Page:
“The court today profoundly changes that relationship by holding, for the first time, that the Constitution requires the government to provide public funds directly to a church,” wrote Sotomayor. “Its decision slights both our precedents and our history, and its reasoning weakens this country’s long-standing commitment to a separation of church and state beneficial to both.”
Chief Justice’s Footnote
However, while some Catholic leaders and educators had hoped that a victory for Trinity Lutheran would help sweep away legal impediments to government-funded vouchers for inner-city parochial-school students, specialists were cautious about addressing the broader implications of this decision.
For starters, the chief justice, in his majority opinion, appeared to limit the scope of the ruling.
“This case involves express discrimination based on religious identity with respect to playground resurfacing,” said Roberts in a footnote. “We do not address religious uses of funding or other forms of discrimination.”
Strikingly, the chief justice’s footnote prompted a dissent from both Justices Neil Gorsuch and Clarence Thomas.
“The court leaves open the possibility a useful distinction might be drawn between laws that discriminate on the basis of religious status and religious use,” wrote Gorsuch. “Respectfully, I harbor doubts about the stability of such a line. Does a religious man say grace before dinner? Or does a man begin his meal in a religious manner?”
“Is it a religious group that built the playground? Or did a group build the playground so it might be used to advance a religious mission?” he wrote. “After all, that clause guarantees the free exercise of religion, not just the right to inward belief (or status).”
Gorsuch and Thomas had no other issue with the majority opinion, but the footnote skirmish has stirred further discussion from court watchers.
As Collett sees it, Roberts’ footnote was partly designed to contrast the majority’s strong stance against laws or state constitutional provisions that bar churches from a secular public-benefit program based solely on their religious identity with other statutes that prohibit the use of funds for religious purposes, like the hypothetical case of using a state textbook grant program to purchase Bibles for religion class at parochial schools.
“However, Gorsuch is saying that we don’t need to get into how the church will use the government-funded provision, as long as the state’s own interest is secular,” said Collett.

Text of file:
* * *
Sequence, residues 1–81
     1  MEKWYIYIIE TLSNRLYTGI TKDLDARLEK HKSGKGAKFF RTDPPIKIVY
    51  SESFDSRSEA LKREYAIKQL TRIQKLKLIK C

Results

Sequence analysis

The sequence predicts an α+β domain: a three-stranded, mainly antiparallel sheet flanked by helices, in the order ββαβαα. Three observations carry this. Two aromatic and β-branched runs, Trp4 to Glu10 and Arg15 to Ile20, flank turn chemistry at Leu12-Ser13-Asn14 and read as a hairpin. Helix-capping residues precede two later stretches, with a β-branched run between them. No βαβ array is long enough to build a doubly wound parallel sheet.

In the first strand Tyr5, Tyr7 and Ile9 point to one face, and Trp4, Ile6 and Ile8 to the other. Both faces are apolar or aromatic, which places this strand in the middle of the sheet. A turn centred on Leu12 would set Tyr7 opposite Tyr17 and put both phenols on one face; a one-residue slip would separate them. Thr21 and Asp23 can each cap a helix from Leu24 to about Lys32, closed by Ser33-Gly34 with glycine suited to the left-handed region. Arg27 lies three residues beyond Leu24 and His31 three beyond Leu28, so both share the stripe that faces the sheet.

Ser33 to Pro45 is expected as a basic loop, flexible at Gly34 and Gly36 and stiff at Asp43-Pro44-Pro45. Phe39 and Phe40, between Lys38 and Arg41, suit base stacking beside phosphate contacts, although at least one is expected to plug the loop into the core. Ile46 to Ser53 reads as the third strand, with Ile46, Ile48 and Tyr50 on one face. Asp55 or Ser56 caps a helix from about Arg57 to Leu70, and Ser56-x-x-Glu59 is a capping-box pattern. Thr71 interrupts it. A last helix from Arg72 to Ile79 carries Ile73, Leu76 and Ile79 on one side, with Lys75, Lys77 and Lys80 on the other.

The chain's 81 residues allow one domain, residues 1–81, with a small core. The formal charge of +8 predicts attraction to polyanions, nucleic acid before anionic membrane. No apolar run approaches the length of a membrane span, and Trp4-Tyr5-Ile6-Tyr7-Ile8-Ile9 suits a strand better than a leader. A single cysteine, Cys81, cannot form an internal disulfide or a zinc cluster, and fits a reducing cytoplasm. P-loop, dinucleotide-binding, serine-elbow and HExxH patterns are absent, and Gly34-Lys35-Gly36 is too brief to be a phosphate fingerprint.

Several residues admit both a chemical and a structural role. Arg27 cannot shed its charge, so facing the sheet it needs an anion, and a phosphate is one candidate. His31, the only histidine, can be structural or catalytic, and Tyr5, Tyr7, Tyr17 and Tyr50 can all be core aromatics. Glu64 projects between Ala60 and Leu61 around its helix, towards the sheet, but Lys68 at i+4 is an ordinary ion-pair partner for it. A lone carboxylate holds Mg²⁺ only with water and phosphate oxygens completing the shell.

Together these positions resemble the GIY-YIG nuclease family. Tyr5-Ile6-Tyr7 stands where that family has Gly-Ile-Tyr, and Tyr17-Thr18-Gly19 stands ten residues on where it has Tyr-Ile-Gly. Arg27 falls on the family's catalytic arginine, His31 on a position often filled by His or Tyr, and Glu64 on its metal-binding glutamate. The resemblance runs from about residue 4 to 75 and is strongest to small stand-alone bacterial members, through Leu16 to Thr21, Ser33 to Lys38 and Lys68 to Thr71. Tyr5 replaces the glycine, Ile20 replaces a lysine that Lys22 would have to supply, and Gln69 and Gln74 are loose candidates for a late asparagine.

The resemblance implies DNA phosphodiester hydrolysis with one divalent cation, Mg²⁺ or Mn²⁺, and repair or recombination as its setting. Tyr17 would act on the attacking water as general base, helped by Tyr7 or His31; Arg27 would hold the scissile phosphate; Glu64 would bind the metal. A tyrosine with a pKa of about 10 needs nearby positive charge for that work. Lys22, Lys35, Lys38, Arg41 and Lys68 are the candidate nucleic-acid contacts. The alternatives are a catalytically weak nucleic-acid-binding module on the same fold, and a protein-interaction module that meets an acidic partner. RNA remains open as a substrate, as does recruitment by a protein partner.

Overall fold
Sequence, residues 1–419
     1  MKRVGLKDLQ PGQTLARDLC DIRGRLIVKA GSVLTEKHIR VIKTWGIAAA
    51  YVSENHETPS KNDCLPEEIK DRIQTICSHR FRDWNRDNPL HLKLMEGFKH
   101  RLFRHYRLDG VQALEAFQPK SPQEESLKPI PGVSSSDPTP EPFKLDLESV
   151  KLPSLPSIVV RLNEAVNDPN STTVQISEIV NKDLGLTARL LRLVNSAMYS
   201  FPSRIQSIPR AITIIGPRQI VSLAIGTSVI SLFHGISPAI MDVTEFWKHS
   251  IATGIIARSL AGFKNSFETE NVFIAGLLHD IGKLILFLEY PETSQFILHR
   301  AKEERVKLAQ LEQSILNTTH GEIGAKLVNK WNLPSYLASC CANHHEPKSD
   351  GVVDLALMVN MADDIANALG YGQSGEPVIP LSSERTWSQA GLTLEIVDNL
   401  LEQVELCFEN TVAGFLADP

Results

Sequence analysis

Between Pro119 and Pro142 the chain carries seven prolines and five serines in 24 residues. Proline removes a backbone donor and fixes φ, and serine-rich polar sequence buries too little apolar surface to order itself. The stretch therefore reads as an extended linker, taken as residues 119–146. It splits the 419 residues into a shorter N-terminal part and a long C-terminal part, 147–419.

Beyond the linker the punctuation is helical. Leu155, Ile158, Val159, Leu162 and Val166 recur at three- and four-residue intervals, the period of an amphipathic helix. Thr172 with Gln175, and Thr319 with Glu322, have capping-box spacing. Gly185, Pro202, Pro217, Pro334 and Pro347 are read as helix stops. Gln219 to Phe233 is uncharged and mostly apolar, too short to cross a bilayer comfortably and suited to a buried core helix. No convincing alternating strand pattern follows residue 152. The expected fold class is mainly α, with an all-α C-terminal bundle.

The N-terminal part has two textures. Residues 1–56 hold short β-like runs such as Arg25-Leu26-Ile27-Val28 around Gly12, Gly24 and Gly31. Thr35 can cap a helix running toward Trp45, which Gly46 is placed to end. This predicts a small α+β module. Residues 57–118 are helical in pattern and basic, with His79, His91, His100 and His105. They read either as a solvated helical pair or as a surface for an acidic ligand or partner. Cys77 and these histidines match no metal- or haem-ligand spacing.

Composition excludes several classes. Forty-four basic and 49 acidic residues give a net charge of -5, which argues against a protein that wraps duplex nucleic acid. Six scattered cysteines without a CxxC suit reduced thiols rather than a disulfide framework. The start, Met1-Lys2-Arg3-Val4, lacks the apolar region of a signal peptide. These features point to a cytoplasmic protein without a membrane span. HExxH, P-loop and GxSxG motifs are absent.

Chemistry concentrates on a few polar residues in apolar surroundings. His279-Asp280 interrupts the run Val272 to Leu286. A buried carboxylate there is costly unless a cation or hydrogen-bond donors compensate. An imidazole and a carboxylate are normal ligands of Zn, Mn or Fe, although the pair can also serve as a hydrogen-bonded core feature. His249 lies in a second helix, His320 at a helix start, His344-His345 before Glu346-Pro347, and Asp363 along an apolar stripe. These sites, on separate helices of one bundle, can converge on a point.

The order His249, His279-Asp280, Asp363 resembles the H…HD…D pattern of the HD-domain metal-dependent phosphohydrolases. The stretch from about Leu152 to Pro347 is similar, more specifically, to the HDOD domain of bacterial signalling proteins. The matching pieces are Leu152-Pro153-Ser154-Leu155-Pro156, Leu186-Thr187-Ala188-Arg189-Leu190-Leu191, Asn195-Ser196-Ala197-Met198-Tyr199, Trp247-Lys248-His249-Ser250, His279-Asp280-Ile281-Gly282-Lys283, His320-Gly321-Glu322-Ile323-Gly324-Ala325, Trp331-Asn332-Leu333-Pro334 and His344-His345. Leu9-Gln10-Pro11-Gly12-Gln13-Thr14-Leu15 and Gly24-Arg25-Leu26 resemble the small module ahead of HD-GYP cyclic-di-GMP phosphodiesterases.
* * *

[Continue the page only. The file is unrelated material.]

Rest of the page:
Looking ahead, she believes that the majority opinion will help build the legal foundation for future rulings that will uphold the constitutionality of school vouchers for students at religious institutions.
Thomas Berg, writing for the Mirror of Justice blog, agreed with this assessment.
“[T]his is the first time the court has held that a religious organization, indeed a church, must be included on equal terms in a general program of government funding,” said Berg in a June 26 post.
“[T]his case, relying on the Free Exercise Clause, is an important step in preventing states from singling out religious schools for exclusion from school-choice programs. Most previous decisions had merely allowed equal inclusion of religious entities/persons; Trinity requires it.”
Another Religious-Liberty Case
The high court ended its term with the news that it would hear oral arguments in another closely watched religious-liberty case, Masterpiece Cakeshop, Ltd. v. Colorado Civil Rights Commission, which pits a Colorado Christian baker against a same-sex couple who wanted to order a cake for their wedding reception but were refused because the wedding service violated the baker’s religious beliefs about marriage.
The case will decide “[w]hether applying Colorado’s public-accommodations law to compel the petitioner to create expression that violates his sincerely held religious beliefs about marriage violates the Free Speech or Free Exercise Clauses of the First Amendment,” according to the high court.
Trinity Lutheran and the Masterpiece Cakeshop case “involve very different legal arguments,” said Heritage Foundation’s Slattery. Yet each lawsuit, whether filed by a church or a Christian baker, challenges the increasingly prevalent “view in America that religious believers need to stay out of the public square or leave their faith at the door when they enter it.”
“That argument was rejected in the Hobby Lobby opinion and now in Trinity Lutheran,” said Slattery.
The question, going forward, she said, is how nine justices will likely apply new legal precedent to a more direct case in which a Christian baker “will go head-to-head with the gay-rights community.”
Joan Frawley Desmond is a Register senior editor.